Inhale, exhale: today’s Capitol influencing spans the future of combustible products.
The electronic cigarette industry will hold its lobby day, touting for legislators the value of products that are under intense political scrutiny. Amid a state-supported public health campaign warning that vaping will addict a new generation to nicotine, Gov. Jerry Brown will soon decide whether to regulate e-cigarettes as tobacco products. Later this year, he might decide whether to ban them from college campuses. The Smoke Free Alternatives Trade Association will be carrying its message that e-cigarettes are distinct from tobacco and can help folks quit, holding an 11:30 a.m. press conference on the south steps urging Brown to veto the e-cigarette bill. No doubt Vaping Jezus would approve.
Over at the Sheraton Grand, the California Cannabis Industry Association will hold a policy conference. The confab comes amid the industry’s push toward legitimacy given a sweeping medical marijuana framework and potential looming legalization, from a fortified lobbying presence to efforts to treat cannabis as an agricultural product and its cultivators as farmers.
SWEETENER: Taking a break from weighing in on the range of bills and policies that affect California’s many grocery stores, the California Grocers Association will offer free treats to staffers and legislators during an ice cream social from 1:30 p.m. to 3:30 p.m in the Eureka room today. It fits into a long tradition of interest groups hosting events at the Capitol and giving away swag.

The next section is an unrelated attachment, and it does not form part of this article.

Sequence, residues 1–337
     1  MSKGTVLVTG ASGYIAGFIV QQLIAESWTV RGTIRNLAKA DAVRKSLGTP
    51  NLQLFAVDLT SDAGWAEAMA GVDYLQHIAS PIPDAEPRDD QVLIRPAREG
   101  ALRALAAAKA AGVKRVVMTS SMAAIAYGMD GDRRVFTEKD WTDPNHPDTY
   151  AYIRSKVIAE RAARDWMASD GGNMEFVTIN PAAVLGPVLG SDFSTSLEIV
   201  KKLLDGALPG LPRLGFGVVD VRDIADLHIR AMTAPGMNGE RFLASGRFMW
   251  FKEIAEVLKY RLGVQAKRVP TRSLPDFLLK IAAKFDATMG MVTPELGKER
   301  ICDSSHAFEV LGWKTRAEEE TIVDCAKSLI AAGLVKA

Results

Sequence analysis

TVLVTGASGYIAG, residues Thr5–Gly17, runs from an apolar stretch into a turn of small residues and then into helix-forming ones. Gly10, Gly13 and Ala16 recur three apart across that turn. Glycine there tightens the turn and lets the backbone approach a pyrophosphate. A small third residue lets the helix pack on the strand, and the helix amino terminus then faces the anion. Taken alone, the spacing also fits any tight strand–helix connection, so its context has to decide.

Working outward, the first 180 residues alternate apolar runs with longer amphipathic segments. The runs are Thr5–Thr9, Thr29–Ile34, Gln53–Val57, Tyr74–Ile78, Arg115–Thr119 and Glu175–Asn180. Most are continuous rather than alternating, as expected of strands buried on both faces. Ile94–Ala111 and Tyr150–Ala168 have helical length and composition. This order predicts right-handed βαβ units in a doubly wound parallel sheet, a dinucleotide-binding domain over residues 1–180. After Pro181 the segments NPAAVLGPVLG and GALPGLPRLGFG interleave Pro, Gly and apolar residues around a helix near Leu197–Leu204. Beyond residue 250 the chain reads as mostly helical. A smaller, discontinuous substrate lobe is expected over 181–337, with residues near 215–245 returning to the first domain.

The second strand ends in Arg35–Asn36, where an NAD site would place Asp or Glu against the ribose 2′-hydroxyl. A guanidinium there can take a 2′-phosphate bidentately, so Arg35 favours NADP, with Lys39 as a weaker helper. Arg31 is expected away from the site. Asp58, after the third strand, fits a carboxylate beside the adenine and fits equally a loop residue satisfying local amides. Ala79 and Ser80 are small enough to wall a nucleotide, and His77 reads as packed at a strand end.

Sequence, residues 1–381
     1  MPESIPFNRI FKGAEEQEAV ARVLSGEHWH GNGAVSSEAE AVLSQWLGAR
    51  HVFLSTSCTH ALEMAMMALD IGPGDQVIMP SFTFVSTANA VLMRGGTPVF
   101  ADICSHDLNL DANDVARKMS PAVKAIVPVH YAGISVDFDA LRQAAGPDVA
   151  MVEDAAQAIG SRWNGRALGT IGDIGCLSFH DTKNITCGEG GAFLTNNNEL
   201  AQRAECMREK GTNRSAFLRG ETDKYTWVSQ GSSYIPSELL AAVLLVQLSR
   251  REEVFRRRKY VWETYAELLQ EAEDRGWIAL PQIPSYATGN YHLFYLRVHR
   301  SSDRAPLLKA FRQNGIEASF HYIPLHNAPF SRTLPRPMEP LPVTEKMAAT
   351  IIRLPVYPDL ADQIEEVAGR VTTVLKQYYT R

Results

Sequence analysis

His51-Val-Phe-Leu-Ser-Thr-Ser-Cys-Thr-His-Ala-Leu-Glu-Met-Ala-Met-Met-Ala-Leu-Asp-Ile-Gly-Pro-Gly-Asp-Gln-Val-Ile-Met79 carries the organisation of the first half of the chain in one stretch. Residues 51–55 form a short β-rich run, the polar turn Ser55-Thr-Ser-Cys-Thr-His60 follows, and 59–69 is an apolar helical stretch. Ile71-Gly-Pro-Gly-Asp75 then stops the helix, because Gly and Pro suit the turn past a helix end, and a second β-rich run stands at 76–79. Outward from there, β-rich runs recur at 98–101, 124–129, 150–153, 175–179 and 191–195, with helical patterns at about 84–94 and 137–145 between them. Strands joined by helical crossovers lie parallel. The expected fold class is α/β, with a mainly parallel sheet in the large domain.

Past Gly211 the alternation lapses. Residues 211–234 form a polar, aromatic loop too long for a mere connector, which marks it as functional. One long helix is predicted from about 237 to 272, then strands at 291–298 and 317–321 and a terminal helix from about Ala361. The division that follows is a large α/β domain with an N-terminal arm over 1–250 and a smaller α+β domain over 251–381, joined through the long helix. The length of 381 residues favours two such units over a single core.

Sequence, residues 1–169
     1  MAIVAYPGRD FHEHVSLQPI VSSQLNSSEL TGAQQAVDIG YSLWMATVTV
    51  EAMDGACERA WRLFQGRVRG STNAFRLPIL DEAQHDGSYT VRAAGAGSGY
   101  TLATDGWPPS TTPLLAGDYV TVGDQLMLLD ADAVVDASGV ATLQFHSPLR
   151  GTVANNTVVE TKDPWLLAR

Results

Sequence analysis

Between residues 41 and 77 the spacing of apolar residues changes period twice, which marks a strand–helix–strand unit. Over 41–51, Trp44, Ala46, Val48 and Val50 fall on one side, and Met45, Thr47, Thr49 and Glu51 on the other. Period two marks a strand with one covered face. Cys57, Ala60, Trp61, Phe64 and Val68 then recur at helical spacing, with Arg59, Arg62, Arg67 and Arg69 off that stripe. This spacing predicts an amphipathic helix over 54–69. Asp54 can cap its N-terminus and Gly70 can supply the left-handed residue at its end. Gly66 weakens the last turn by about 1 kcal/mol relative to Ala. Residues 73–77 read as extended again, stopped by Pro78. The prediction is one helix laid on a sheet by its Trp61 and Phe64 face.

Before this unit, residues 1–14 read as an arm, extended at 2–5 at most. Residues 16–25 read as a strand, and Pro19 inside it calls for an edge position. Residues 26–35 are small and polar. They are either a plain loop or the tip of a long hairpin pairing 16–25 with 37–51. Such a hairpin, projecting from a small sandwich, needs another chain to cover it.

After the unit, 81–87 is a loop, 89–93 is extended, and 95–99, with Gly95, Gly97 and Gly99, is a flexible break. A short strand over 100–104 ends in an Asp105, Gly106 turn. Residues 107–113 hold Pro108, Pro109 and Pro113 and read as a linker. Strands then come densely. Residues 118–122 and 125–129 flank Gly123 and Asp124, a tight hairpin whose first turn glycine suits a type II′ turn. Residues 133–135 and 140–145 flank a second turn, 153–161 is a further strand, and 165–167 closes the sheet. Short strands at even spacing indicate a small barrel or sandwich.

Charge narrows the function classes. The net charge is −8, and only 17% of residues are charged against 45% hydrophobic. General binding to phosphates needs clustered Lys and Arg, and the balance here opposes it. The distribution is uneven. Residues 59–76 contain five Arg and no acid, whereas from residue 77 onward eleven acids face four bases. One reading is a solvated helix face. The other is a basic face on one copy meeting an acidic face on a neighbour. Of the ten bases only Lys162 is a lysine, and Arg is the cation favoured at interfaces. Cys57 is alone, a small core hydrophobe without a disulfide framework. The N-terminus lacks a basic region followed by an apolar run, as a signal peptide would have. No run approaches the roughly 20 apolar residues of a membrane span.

VIDEO OF THE DAY: Sacramento State students support CSU faculty raise fight.
RIGHT TO REST: Homeless Californians and their advocates will be busing in from around the state for the first hearing of a bill that would allow the homeless to sleep in public spaces without penalties. Senate Bill 876 echoes protests that have roiled Sacramento, and it goes up in the Senate Transportation and Housing Committee at 1:30 p.m. in room 4203.
CRIMINOLOGY: Almost as soon as voters passed Proposition 47, transforming some felonies and wobblers into misdemeanors, law enforcement decried the consequences. Cop-backed legislation that would allow prosecutors to charge felonies to repeat offenders goes up in the Assembly Public Safety Committee at 9 a.m. today in room 126. If Assembly Bill 2369 passes the Legislature it would still need to go before voters.
Also scheduled to get their first votes are human trafficking bills that would take the major step of shielding victims from criminal penalties.
HEAVY HITTERS: With decades of California political leadership between them, the governor and former Assembly Speaker Willie Brown make for a formidable pair. Both will be at a Maddy Institute event along with the entire current legislative leadership supporting the Fresno State-based institute’s internship program. From 5:30 to 7:30 p.m. at the California Museum.
CELEBRATIONS: Happy birthday to Assemblyman Jose Medina, D-Riverside, who turns 63 today, and Rep. Ted Lieu, D-Torrance, who marks his 47th.